Area Forecast Discussion
Issued by NWS Goodland, KS

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FXUS63 KGLD 290528

Area Forecast Discussion
National Weather Service Goodland KS
1128 PM MDT Fri Apr 28 2017

.SHORT TERM...(This evening through Saturday)
Issued at 216 PM MDT Fri Apr 28 2017

Latest upper level analysis shows a closed low over the central
Rockies. Ahead of the closed low southwest flow was pulling higher
moisture onto the High Plains. At the surface a cold front was
near the I-70 corridor. Behind the front northeast winds were
gusting up to 30 MPH.

Tonight the cold front will slide south through the rest of the
forecast area in the evening. Any lingering thunderstorms will be
pushed south with the front. Meanwhile frontogenesis and
isentropic lift will develop over the forecast area, with the
lift/frontogenesis strongest over the southeast portion of the
forecast area. At the surface rain will change to snow from west
to east as temperatures cool. The higher snowfall amounts for the
night will occur after midnight when the lift/frontogenesis will
be strongest.

Saturday morning there will be a lull in the precipitation
intensity. Light precipitation will continue as weak frontogenesis
and isentropic lift continue. In the afternoon a stronger band of
frontogenesis and isentropic lift will develop over the southeast
half of the forecast area, causing precipitation intensity to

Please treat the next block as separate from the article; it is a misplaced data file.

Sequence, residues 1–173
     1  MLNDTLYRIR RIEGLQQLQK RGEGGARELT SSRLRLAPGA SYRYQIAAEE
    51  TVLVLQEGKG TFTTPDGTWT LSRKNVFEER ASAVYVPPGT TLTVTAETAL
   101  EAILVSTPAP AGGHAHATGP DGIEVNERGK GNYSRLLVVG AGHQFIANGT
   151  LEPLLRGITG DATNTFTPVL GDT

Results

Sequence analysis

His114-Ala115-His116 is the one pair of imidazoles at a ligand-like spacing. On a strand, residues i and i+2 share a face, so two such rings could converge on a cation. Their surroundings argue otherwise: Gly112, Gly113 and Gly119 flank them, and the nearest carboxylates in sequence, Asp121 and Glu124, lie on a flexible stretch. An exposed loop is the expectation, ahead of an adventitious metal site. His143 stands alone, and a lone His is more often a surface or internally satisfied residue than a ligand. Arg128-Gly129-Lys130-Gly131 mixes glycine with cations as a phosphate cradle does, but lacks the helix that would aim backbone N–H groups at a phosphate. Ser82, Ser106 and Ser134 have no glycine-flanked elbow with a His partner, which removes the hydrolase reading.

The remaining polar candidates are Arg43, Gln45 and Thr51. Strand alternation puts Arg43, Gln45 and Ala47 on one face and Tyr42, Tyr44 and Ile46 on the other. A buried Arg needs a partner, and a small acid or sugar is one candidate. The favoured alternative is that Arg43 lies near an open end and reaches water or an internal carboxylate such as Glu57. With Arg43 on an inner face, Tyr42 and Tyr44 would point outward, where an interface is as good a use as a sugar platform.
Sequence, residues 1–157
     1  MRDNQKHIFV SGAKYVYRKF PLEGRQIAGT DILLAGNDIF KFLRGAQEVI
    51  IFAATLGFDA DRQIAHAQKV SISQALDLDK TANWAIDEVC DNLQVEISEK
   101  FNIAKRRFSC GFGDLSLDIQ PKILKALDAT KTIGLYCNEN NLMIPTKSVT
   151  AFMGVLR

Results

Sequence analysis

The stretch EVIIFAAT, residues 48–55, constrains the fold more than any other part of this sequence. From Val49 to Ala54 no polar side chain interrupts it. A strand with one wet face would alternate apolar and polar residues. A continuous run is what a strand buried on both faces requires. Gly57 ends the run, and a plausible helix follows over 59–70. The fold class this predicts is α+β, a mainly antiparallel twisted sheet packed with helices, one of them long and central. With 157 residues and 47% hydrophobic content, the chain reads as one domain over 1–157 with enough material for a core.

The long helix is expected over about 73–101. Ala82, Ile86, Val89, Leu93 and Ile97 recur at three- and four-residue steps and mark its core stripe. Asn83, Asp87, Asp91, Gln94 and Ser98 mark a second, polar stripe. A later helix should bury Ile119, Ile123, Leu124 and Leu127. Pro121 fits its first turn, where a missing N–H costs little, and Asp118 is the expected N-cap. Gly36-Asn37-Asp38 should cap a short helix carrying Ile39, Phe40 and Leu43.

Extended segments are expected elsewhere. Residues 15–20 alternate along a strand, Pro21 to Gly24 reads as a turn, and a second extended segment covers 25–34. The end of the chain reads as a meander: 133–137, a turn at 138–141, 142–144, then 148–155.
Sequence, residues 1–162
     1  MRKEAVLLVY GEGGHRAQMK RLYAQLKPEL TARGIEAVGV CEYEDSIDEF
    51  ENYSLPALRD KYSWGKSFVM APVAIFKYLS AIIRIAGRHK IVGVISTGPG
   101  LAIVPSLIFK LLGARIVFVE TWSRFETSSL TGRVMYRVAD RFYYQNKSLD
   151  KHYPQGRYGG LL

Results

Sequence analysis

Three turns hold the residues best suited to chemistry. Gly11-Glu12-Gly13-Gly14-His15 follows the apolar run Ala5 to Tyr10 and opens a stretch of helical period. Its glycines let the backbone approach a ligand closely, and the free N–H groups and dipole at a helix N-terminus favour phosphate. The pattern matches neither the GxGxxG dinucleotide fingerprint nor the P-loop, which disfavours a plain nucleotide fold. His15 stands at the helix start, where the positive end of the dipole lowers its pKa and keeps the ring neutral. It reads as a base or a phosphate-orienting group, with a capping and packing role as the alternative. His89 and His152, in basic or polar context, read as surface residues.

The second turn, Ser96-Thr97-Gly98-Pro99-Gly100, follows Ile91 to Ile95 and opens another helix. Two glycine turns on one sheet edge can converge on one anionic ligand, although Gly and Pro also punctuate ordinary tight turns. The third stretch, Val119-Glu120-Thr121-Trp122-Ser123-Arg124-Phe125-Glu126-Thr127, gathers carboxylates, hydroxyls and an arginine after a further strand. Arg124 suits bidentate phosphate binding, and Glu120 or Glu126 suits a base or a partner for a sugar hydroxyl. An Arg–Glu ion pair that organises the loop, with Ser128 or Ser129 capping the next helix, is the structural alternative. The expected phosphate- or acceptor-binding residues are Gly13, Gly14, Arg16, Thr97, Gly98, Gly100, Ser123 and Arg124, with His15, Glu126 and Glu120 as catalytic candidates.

Snow will change back to rain generally north of I-70 and east of
Highway 83, but how quickly this change-over occurs is highly
dependent on temperature. If temperatures are a couple degrees
cooler than forecast, snow will persist longer through the day
before changing to rain, if it changes over.

Saturday night through Sunday the main snowfall event will occur
as strong, deep isentropic lift and repeated rounds of
frontogenesis move over the southeast half of the forecast area.
Snowfall amounts are actually lower Saturday night than what they
should be based on the lift due to a dry pocket of air moving
north over the area. As precipitation ends from west to east
Sunday afternoon, the snow may change to rain as warmer
temperatures move in behind the storm system.

Sunday morning into early afternoon strong to possibly high winds
will occur mainly east of the Colorado border and west of Highway
83 on the back of the storm system. Considered issuing a high wind
watch, but confidence was too low at this time to warrant a
watch. Am expecting gusts of 55 MPH in this part of the forecast
area, but a few gusts near 60 MPH can`t be ruled out.

Snowfall for this storm system will come in two different rounds.
The first round will begin tonight and last through Sunday evening
for counties in the winter storm warning, with next round starting
Saturday night in watch area and lasting through Sunday evening.
Due to the change- over of rain to snow being dependent on
temperatures there will be a sharp cut- off between the higher
snowfall amounts and the lower snowfall amounts along the Highway
36 corridor up to McCook. Could have gone either way including
Cheyenne County KS in the warning, but decided to play it safe and
include them since current forecast has 7 inches in the far
southern part of the county. If temperatures are a couple degrees
cooler for the forecast area, snowfall amounts will be higher.
Already cooled temperatures a couple degrees below most models,
but that may have not been enough.

Looking at CIPS Analog analysis, this event is similar to the
April 2, 1988 and the April 12, 1994 events which both had close
to a foot of snowfall with them. Current forecast has close to a
foot of snow south of I-70.

Impacts with this storm system will be tree limbs breaking and